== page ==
The idea was originally mooted by John Prescott a year or so after New Labour gained power, but the outcry meant that the proposal was put aside.
It's bad enough that the staff at our local hospitals have to pay to park (it's taken out of their wages), particularly those who don't have suitable public transport or work outside the hours when such transport is running.
With businesses struggling in a recession now is a good time to burden them further with another form of tax :0(
Nottingham has always been at the forefront of traffic control methods : First red light camera in UK First UK council to use digital cameras on city roads and now first UK council to apply parking space tax.
Welcome to Nottingham!!! Please drive carefully (preferably not at all).
I drive in London pretty well every day, and have done so for many years. I noticed a big difference when the charge was introduced, and within three years the number of cars entering the zone each day had fallen by 20%. The number of buses had increased by 25% however, so the net gain in terms of vehicles on the roads was lower.
Unfortunately the benefits in terms of traffic congestion haven't been wholly sustained, and at the end of 2007 congestion was back to its pre-charging levels. Car ownership has risen during the five years that the charge has been in force, and I tend to agree with fourm member's comment that without a charge the congestion would be much worse.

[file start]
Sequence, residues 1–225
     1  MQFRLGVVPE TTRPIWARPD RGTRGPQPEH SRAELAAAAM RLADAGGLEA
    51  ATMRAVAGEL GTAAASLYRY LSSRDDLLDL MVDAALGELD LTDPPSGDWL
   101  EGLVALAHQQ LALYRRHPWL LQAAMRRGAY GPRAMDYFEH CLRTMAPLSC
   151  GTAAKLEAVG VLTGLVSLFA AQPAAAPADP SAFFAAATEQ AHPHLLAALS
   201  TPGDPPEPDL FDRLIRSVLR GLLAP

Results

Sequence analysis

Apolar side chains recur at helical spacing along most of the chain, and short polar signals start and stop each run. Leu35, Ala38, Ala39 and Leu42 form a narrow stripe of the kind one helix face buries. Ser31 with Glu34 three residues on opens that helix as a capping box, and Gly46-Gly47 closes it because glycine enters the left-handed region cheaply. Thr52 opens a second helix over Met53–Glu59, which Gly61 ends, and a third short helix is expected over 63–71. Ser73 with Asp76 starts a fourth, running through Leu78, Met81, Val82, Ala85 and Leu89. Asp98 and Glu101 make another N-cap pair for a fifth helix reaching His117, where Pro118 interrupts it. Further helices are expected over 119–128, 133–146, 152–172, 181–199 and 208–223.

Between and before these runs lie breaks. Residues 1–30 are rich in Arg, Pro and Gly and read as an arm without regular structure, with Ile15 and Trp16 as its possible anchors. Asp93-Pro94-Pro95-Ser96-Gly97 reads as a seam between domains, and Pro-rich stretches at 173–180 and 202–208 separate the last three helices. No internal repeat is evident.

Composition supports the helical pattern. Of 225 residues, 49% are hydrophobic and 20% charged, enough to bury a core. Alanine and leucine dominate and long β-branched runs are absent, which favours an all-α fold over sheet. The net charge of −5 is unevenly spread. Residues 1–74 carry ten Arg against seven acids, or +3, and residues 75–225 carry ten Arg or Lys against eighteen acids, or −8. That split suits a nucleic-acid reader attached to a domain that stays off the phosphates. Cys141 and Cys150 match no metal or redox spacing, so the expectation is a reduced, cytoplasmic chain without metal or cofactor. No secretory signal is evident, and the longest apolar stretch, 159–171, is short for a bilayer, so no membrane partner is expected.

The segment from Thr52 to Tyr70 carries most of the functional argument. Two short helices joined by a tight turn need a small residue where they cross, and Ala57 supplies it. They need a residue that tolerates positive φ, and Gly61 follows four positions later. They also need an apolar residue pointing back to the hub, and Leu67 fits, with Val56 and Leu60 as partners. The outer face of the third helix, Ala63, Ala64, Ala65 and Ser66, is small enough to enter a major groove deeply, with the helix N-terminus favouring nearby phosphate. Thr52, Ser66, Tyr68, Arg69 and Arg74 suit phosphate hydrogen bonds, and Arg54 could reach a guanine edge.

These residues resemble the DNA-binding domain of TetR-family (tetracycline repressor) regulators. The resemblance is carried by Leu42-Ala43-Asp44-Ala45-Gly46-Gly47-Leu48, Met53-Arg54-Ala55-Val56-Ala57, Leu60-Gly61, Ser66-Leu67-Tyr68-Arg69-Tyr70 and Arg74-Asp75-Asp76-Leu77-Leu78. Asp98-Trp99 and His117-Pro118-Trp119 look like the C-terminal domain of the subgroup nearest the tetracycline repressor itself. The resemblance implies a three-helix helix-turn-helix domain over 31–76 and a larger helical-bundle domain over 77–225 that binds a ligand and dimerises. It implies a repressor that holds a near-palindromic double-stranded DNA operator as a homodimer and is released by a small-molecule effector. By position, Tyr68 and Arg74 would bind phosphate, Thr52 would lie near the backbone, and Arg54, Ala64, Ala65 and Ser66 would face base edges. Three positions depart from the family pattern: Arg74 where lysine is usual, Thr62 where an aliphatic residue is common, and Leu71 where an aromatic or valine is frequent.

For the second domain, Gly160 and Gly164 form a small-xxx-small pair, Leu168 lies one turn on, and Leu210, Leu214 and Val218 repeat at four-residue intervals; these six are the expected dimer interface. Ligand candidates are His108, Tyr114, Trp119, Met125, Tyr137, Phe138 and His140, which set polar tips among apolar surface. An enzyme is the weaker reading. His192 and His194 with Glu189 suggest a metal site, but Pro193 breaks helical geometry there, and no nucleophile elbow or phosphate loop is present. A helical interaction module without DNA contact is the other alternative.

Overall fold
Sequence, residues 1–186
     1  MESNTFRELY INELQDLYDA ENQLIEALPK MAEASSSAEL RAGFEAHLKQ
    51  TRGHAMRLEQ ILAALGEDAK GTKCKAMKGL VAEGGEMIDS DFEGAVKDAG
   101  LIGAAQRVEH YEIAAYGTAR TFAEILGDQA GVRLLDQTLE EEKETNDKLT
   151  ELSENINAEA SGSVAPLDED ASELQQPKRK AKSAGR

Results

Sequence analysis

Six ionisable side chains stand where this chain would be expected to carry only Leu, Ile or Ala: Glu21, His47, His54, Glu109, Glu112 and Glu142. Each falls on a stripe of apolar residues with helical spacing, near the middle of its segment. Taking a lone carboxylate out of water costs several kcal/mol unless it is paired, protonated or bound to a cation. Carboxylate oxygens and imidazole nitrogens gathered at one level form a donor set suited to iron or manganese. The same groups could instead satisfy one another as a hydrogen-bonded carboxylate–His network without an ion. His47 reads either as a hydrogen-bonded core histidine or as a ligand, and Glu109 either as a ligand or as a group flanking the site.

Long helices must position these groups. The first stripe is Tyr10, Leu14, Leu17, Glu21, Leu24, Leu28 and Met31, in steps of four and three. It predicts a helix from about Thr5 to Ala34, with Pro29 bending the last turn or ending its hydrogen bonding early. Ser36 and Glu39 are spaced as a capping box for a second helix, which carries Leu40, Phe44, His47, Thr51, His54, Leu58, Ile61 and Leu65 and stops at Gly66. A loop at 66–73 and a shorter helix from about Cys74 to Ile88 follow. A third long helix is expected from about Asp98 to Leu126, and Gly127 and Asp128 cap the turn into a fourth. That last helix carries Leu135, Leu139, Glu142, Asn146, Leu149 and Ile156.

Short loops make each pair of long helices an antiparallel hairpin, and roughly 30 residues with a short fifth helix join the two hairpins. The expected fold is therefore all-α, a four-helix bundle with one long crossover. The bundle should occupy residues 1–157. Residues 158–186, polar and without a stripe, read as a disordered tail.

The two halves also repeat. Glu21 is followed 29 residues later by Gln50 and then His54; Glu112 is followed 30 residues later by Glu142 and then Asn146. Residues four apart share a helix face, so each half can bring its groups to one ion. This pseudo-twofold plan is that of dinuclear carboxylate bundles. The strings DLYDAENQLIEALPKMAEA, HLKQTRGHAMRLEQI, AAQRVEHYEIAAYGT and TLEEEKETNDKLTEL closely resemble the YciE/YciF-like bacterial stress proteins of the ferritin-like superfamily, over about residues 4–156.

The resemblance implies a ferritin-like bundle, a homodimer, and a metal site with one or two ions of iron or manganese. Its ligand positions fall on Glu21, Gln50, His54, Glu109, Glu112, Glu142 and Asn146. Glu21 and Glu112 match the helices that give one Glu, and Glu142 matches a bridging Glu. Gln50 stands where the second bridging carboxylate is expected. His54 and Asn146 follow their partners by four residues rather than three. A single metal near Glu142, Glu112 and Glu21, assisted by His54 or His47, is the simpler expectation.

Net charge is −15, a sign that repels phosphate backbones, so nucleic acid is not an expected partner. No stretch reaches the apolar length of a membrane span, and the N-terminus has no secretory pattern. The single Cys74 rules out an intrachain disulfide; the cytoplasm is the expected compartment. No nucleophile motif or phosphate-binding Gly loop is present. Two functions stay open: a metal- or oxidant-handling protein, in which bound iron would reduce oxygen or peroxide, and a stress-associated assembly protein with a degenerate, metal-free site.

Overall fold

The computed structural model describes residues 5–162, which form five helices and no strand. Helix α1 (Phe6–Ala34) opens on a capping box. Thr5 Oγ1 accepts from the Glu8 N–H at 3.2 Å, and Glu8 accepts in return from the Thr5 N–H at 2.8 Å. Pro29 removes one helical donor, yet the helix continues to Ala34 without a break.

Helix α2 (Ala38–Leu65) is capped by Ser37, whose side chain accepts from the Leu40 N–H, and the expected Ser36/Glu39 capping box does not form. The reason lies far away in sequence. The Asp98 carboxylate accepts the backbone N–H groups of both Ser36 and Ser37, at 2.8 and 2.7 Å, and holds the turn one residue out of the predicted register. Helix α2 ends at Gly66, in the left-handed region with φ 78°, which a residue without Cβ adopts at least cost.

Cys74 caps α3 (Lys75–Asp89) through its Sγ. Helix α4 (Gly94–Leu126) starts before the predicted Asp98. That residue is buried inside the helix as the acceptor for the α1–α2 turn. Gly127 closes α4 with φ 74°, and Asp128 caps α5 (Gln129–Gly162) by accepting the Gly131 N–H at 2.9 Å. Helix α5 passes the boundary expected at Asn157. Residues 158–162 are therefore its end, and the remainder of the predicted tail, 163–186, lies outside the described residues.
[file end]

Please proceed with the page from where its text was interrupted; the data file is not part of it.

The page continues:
Everyone who regularly drives in London (and other big cities I imagine) will be revelling in the current school holiday drop in traffic volumes. At the moment I'm regularly travelling from North London to Kew and back, a journey that can take up to an hour and a quarter each way on a gloomy winter's day. Today I did it in around 40 minutes - bliss.
Also, most of these ideas assume that everyone works a convenient 9-5 when there are plenty of buses on the roads. I know from past experience that anyone starting work in the 4/7 slot, or going home in the 7/midnight slot, get a very poor service. That means their cars are still taxed for a communal benefit that they can't reasonably benefit from.